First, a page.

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be applied), much greater steadiness, no swing to and fro, more sensitiveness, and as a consequence the ability to steer a very straight course.
The Disadvantages are : Expensiveness, the need of electric installation, some knowledge required of electricity to be able to work the attachments in ordinary working or a breakdown.
A breakdown in the electric current would put the compass out of use.
THE MARINER'S COMPASS
When out of sight of land, the MARINER'S COMPASS is the only instrument that shows the DIRECTION in which the ship is moving; it is therefore necessary to understand its construction and use, together with the corrections which must be applied to its indications.
In the first place you must learn the divisions of the compass card, and know how to box the compass, that is, be able to repeat the points in their order, commencing at any given point, and going to right or left.
DIVISIONS OF THE COMPASS CARD.—The Compass Card is a circle divided into 32 equal parts, called points of the compass; and standing on the deck of a vessel at sea you must always suppose yourself to be in the centre of such a circle, the circumference of which is the visible horizon, and towards some point of which the vessel's head is directed. The standard of direction is the meridian passing through the place of the vessel, and a small part of this meridian is represented on the compass by a line drawn from one part of the circumference to another,-passing through the centre of the circle: One end of the meridional line is named North, because the line trends in direction towards the pole of that name, and the other end, directed towards the south pole, is named South. A second line, passing through the centre of the circle, but at right angles to the meridian, has one end named East, and the other West. When facing the North, the East (in which direction the sun and other heavenly bodies appear to rise) is on your right hand, and the West (towards which the same bodies set) is on your left. Hence the letters N., S., E., W., represent the four cardinal or chief points of the compass—corresponding to similar points of the horizon; and the two principal lines of which we have spoken (and which give these four points), by cutting each other at right angles, divide all the horizontal space around you into quarters, called quarters of the compass.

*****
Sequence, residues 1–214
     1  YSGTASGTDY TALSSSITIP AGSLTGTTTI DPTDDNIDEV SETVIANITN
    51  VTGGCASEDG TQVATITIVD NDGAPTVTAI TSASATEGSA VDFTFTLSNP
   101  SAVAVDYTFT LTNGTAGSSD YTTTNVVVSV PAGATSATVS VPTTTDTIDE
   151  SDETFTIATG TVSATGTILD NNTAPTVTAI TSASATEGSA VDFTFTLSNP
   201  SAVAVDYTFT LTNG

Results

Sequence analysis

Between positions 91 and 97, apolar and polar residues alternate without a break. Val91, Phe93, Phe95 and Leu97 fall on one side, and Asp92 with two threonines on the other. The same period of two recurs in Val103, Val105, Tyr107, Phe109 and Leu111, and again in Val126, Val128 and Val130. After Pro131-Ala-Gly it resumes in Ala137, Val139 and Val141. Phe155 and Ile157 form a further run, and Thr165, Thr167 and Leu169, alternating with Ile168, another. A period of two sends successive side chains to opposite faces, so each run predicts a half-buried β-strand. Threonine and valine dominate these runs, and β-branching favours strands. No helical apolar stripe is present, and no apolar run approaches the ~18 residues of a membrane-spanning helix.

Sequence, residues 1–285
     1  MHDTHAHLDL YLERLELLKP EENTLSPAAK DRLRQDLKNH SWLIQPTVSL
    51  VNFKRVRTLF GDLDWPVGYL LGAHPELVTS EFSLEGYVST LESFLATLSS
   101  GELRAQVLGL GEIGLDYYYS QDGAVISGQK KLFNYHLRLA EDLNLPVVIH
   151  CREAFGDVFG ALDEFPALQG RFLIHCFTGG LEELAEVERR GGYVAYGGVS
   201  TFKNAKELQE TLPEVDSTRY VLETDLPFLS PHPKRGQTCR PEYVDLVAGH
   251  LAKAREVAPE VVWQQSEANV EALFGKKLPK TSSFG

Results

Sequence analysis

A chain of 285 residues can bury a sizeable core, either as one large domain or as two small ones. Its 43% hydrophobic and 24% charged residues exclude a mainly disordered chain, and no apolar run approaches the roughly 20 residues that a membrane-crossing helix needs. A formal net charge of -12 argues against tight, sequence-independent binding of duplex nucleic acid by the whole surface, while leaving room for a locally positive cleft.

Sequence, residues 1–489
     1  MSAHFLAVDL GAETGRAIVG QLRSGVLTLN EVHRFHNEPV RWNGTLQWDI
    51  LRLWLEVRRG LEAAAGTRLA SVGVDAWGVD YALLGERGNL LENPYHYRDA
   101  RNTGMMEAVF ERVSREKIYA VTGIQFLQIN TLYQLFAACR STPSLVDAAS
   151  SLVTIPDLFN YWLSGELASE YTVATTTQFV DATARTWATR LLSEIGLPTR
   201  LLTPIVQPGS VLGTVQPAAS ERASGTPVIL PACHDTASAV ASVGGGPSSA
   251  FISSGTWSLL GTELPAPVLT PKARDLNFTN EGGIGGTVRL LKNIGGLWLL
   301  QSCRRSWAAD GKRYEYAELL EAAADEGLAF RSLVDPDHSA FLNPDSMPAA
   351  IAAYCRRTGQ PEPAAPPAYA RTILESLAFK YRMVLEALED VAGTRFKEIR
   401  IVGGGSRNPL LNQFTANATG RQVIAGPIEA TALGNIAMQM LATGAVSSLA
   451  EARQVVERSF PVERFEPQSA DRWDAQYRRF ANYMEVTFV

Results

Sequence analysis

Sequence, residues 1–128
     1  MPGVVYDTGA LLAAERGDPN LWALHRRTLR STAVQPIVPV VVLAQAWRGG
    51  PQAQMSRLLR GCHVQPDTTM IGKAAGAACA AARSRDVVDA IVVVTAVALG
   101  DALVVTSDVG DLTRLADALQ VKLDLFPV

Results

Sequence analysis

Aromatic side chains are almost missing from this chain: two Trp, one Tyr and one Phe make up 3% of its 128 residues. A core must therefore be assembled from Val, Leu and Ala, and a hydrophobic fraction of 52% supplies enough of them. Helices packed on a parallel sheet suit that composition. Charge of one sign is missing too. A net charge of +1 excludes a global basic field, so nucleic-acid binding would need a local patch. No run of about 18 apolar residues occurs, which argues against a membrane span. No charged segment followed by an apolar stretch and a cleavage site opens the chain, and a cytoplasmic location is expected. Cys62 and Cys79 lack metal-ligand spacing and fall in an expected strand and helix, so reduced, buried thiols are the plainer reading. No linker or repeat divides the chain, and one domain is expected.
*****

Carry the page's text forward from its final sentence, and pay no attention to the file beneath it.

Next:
All the other points are named after the cardinal points as follow:
By halving (bisecting) each of the four quarters of the compass, and drawing four lines in a new direction from the centre of the circle to the circumference, we get 4 more points; the N.E. (north-east) point, midway between N. and E., and so on with S.E. (south-east), S.W. (south-west), and N.W. (north-west), all midway between cardinal points; these new directions also give names to the four quarters of the compass, as when we say “the wind is in the N.E. quarter,”—meaning thereby not exactly N.E., but somewhere between N. and E.